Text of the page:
Identification of Polymer Blends by Glass Transition Measurements
07/21/2010

The use of polymer blends for industrial applications has become more prevalent over the past few decades. A considerable amount of research has been recently conducted to obtain new polymeric materials with enhanced attributes for specific applications or a better combination of different properties.

Online PR News – 21-July-2010 – – When developing suitable polymer blends it is important to consider a number of different research, development and quality control issues. One of the most important issues is blend compatibility. Compatible polymer blends can avoid undesirable physical and chemical effects such as:
• premature aging
• cracking and tearing
• abrasion
• break down or disintegration
• impermeability to natural elements
• chemical attack
Differential scanning calorimetry (DSC) is a valuable thermal analysis technique which provides testing laboratories with important information on the glass transition of polymer blends. Measuring the glass transition of the desired polymer blends can quickly and easily determine their compatibility.

Analyzing Compatible Polymer

The examples described below show how the DSC 1 was used to measure the glass transition of two different polymer blends.
The samples were first cooled from 120°C to -140°C at 5K/min and then measured by heating from -140°C to 100°C at 10 K/min in a nitrogen atmosphere at 50ml/min to determine the temperature at which the glass transition occurs. The DSC curves were then evaluated using the STARe software to investigate the compatibility of the blends.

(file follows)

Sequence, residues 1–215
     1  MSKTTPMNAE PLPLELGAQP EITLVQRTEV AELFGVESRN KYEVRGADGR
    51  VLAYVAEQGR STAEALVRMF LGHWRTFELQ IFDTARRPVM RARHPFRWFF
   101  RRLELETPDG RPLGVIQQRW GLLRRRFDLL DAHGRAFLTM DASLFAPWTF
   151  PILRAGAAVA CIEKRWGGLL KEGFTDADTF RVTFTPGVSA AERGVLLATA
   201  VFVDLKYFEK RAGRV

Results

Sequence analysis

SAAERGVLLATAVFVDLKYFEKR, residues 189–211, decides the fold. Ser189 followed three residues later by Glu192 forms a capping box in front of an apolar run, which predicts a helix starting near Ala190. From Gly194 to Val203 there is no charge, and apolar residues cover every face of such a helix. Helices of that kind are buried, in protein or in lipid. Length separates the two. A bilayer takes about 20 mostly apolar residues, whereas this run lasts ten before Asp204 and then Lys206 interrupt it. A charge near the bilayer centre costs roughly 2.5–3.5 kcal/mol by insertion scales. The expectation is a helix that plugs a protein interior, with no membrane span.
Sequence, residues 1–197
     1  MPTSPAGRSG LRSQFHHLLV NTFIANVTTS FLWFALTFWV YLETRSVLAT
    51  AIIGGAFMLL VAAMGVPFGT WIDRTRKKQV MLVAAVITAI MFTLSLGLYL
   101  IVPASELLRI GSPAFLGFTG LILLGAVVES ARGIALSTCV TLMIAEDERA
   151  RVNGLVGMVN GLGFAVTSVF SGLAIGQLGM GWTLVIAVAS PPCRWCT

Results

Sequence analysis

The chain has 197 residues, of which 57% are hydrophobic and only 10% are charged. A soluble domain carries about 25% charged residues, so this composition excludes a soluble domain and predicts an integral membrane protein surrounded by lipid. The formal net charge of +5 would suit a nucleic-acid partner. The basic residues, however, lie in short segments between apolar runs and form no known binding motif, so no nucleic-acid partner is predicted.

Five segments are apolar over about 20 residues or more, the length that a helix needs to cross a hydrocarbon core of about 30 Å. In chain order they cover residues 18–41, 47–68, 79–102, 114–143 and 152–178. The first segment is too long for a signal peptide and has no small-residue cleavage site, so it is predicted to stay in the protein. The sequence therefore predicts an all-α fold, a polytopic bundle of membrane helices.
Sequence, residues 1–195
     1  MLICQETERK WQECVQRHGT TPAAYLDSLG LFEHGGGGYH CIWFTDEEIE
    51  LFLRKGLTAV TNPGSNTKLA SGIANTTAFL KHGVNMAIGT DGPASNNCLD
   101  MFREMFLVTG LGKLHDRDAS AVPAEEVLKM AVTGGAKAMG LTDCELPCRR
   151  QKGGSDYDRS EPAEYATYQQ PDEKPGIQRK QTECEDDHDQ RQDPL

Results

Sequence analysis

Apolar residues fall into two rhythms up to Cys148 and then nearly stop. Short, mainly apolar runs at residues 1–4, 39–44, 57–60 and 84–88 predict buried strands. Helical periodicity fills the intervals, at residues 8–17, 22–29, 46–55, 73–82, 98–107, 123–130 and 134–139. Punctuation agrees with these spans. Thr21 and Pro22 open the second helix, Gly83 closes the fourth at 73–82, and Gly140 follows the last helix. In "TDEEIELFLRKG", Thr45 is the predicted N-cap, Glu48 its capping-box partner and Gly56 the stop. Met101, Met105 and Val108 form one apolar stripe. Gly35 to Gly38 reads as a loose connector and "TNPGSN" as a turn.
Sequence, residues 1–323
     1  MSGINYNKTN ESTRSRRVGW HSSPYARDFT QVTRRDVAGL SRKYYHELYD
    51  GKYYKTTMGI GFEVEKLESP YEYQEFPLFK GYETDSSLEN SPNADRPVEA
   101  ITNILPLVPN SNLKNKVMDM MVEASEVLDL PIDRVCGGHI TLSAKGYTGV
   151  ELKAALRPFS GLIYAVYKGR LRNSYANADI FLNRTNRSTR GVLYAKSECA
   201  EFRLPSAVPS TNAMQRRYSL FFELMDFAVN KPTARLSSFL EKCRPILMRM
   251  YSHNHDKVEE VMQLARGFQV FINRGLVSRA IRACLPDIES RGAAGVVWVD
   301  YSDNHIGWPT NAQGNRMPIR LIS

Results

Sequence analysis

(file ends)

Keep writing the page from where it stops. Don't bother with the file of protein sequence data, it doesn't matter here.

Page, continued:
The glass transition in Figure 1 is relatively broad and extends over a temperature range of 60K between -110°C and -50°C. The occurrence of just one glass transition in the polymer blend shows the polymer components are compatible.
The DSC curve displayed in Figure 2 shows that two glass transitions are present. The glass transition of NR occurs at -58.8°C, while the glass transition of SBR occurs at -44.1°C indicating that the polymers used in the polymer blend are incompatible.
The above DSC results show that only one glass transition is observed with compatible polymer blends. Incompatible polymer blends demonstrate that the polymer phases are separated as each polymer phase exhibits its own glass transition. The DSC curves can provide testing laboratories with valuable information on the glass transition of polymers when determining the compatibility of polymeric blends. The DSC 1 is an excellent tool which delivers fast and accurate results
over a wide temperature range. It also has the added benefit of an optional sample robot, which enables fully automated
measurements to be carried out.